Khathwane explains that low-porosity hair doesn’t absorb moisture easily – no matter how much you moisturise it, the hair still feels dry. She adds that this hair type is difficult to relax, even when using a super-relaxer.

“This is because this hair type has closed cuticles, which makes it very difficult for moisture to penetrate or leave the hair,” she says.

If you aren’t sure if you have low-porosity hair, Khathwane recommends you place a strand of your hair in a glass of water. If the strand of hair floats at the top, it is low-porosity hair. If the hair sinks to the bottom, you have high-porosity hair and if it sinks to the middle of the glass, it is normal-porosity hair.

She adds that high-porosity hair is easily penetrated by products, but quickly loses that moisture. “The cuticles of high-porosity hair are open. Women with this hair would need to follow a regimen that seals moisture in, incorporating a leave-in conditioner and a sealant like a butter,” she says.

Khathwane points out that those with low porosity hair don’t necessarily have 4C hair. She adds that hair porosity is more important than type. “A lot of people spend a lot of time trying to figure out their hair type, but I believe it’s more valuable knowing the porosity of your hair because that determines the ability of your hair to absorb moisture and therefore the haircare regime you need to follow.”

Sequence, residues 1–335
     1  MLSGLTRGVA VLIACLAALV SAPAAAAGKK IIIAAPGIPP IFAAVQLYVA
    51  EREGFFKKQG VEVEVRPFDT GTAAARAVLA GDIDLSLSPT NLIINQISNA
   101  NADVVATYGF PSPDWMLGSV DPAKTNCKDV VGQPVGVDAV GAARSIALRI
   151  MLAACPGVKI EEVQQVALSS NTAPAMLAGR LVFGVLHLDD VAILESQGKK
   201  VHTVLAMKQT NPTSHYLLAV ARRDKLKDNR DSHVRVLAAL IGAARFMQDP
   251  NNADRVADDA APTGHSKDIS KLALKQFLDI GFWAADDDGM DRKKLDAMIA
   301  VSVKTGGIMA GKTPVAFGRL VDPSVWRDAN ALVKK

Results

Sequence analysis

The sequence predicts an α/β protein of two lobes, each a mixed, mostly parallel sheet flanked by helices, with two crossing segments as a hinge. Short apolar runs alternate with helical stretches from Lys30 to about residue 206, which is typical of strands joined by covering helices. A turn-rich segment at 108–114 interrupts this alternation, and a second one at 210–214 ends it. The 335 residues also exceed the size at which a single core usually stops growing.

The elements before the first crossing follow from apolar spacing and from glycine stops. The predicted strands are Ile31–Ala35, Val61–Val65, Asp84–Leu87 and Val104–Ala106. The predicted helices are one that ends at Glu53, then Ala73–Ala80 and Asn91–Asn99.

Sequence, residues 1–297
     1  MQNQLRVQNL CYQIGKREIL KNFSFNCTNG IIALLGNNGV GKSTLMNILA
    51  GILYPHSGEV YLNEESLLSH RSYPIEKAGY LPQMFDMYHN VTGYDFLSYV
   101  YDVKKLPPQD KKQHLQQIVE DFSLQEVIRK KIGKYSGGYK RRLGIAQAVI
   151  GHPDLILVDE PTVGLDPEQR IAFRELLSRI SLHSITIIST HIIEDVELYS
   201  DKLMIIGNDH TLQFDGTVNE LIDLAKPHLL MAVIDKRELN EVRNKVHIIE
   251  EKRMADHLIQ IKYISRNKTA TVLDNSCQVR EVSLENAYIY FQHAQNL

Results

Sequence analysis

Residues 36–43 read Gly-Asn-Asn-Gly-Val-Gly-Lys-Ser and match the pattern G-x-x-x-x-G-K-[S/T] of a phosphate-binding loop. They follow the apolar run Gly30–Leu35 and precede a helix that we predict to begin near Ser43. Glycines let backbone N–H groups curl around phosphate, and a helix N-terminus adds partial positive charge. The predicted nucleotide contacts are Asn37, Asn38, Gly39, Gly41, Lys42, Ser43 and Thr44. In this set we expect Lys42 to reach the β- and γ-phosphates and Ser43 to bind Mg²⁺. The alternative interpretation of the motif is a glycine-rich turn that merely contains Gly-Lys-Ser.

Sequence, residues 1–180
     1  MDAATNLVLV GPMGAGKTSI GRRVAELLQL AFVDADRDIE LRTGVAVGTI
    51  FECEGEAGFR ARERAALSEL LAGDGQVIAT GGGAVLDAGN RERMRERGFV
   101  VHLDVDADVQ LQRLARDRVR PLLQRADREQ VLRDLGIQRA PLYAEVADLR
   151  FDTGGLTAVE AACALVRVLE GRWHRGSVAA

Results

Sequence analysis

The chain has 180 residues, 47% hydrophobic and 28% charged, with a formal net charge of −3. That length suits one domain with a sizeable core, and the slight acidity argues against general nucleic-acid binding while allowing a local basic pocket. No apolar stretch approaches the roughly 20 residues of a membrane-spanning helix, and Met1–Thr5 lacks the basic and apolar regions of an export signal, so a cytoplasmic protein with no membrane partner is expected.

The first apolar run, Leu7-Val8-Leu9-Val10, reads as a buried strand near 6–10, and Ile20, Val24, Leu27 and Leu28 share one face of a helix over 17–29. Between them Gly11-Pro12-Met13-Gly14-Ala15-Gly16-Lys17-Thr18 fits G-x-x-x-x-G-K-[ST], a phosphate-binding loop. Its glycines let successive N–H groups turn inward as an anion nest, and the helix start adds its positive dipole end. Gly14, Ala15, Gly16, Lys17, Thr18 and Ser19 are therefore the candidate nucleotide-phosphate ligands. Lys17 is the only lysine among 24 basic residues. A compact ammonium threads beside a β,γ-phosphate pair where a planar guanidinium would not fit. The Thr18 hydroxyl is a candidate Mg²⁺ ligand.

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Below are Khathwane’s top tips for moisturising low-porosity hair:

  • Deep condition, with heat – “You have to use heat because this will lift the cuticles a bit to let moisture in. If you don’t have a heat cap or steamer, then use the baggy method.”
  • According to AfroBotanics, “baggying” your hair means “applying a moisturiser like a leave-in conditioner to your hair, then covering your hair with a plastic cap and a beanie or scarf before going to sleep. This creates a humid environment, which forces your hair to absorb moisture”.
  • Clarify – With this hair type, it’s not just about washing the hair, but clarifying it of any build-up or dirt from products or the environment, she says. “You can’t be a co-wash person if you have low-porosity hair – you need to use a proper clarifying shampoo.”
  • Use an oil to seal  – “Once the hair is moisturised, you don’t have to use a butter to seal it. You can use a leave-in conditioner and then a lightweight oil to seal the moisture,” she says.
  • Use products with a humectant – Khathwane recommends using products that have humectants like glycerine and honey, as they help hair retain moisture.